Bright Red: The Liverpool-Manchester United Matches

Mark Metcalf

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From the publisher:

You would be mistaken in thinking the rivalry between Liverpool and Manchester United was only something that has existed in recent times. Obviously there was considerable hype as United equalled and then overtook Liverpool's previous record of 18 League titles, something the Merseyside club and its fans had cherished. And to lose it to your biggest rivals was something which was especially hard to palate.

Liverpool fans, in turn counter by continually taunting United over the five European Cups they have won to United's three. This is the latest sequel to a rivalry which began in 1894 when the two teams met for the first time in a game as important as any which have subsequently taken place - and there have been some massive ones. It was a 'Test Match' which was to determine the status of both clubs.

United, then Newton Heath had finished bottom of the First Division while Liverpool were champions of the Second Division having gone through the whole campaign unbeaten. Test Matches, which were more like today's play offs, were introduced when the Football League was expanded to two divisions. They featured the bottom three clubs in the top flight playing the top three in the second tier.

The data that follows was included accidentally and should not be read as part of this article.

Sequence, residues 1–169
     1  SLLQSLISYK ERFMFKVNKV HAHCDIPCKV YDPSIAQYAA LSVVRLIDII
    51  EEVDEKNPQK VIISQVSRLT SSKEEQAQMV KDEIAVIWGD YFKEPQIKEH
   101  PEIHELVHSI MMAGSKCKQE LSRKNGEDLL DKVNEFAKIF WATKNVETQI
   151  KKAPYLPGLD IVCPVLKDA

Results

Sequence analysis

Liverpool won the initial meeting 2-0 to gain promotion whilst Newton Heath were relegated. It was only the briefest stay, however, as the Merseysiders were immediately relegated as the two teams met for the first time in a League fixture in 1895. Those first two League matches, played within three weeks of one another, also underlined how unpredictable the form book was, something which has invariably still been the case more than a century later.

Liverpool won the first League meeting 7-1 which still to this day remains the record margin of victory between the two teams. In the return three weeks later, Newton Heath were no-hopers yet pulled off a 5-2 win.

The author:

Mark Metcalf is a well-known and prolific sports writer with a speciality in pre-first world war football. He has written widely as a journalist, and is the author of many football books for Amberley. He lives in West Yorkshire. Tony Bugby is a sports journalist and has been a fan of the Latics for over forty years. He covered the club as a journalist for the Oldham Chronicle, and is currently the club's website editor. He lives in Oldham. Leslie Millman has the finest collection of Man U memorabilia in private hands.


Amberley Publishing
25 x 17 cm
224 pages
September 2012